The Bahia Palace and gardens were built in two stages by two men – father and son with the goal of featuring the finest Islamic and Moroccan style architecture and decoration making it one of the greatest palaces of its time. The first phase of construction was 1859-1873 for Si Moussa, Grand Vizier of the Sultan Moulay Hassan as his home and was named after one of his wives. Si Moussa was a slave who had gained power and wealth. Following Si Moussa his son Ahmed Ibn Moussa (Ba Ahmed or Bou Ahmed) took over the palace and continued building from 1894 to 1900. Bou Ahmed became the Grand Vizier and Regent in 1894 while Hassan’s young son was Sultan. In this position he had virtual power over the entire state and he remained in this powerful position until he died in 1900. During his lifetime he renovated and expanded Bahia Palace adding a hammam, mosque and further gardens.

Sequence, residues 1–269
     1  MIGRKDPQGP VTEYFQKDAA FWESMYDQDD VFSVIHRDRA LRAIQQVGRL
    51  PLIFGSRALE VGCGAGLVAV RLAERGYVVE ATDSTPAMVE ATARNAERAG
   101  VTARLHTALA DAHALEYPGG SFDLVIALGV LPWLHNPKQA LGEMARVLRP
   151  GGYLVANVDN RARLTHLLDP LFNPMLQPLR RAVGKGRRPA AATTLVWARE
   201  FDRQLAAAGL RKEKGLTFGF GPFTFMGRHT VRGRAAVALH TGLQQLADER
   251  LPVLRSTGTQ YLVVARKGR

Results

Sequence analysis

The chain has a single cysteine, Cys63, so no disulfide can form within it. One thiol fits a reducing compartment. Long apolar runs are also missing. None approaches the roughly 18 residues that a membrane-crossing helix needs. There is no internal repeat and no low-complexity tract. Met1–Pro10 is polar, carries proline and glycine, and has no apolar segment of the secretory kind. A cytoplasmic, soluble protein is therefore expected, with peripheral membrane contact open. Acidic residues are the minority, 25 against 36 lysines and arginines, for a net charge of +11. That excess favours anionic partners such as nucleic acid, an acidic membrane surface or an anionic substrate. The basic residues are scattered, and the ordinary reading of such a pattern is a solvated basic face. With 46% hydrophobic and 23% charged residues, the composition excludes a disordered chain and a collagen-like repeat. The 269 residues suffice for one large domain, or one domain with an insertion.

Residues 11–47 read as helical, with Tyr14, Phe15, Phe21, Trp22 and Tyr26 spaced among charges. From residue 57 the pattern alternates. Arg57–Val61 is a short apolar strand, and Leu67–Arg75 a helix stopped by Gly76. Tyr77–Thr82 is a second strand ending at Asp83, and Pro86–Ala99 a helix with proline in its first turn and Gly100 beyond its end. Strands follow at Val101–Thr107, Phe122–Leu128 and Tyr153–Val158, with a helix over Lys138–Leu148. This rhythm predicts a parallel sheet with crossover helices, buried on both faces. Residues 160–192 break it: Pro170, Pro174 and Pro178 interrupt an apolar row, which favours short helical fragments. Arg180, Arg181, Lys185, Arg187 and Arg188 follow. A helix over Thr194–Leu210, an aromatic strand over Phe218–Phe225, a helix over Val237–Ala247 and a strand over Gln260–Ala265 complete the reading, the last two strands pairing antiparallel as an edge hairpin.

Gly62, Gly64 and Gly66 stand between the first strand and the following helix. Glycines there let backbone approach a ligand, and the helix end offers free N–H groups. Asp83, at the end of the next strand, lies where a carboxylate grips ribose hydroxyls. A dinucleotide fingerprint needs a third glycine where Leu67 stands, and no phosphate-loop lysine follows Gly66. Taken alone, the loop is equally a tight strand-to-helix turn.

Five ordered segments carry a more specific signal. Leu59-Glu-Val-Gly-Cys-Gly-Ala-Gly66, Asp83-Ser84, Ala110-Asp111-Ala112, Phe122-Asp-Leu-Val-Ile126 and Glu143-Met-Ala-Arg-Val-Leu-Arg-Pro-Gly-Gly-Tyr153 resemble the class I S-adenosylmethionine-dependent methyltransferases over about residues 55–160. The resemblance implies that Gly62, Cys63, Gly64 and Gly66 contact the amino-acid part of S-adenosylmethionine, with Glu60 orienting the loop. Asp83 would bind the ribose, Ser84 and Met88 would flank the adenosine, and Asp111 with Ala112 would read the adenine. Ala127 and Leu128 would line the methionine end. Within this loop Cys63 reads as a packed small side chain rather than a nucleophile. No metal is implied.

The palace has a harem with a large courtyard featuring a central basin; rooms around the courtyard open up to the central area. There are pavilions, walled gardens and buildings. The oldest part of the palace is Dar Si Moussa with a courtyard, central garden, fountains and many varieties of trees. There are decorative rooms with ceramic tiles covering the walls. One of the greatest parts of the newer section of the palace is the marble courtyard measuring 30 meters by 50 meters. It is divided into quadrants by white marble pathways with colorful tiles and glazed earthenware in a checkerboard pattern and fountains where the paths meet. Other decorative details in the palace include carved stucco, cedar wood, painted wooden ceilings, zellij (polychrome mosaic) fireplaces and stained glass windows. The gardens are spread across 8,000m² and are as beautiful as the palace. The palace is still used by the royal family and is sometimes closed when the royals are using the palace.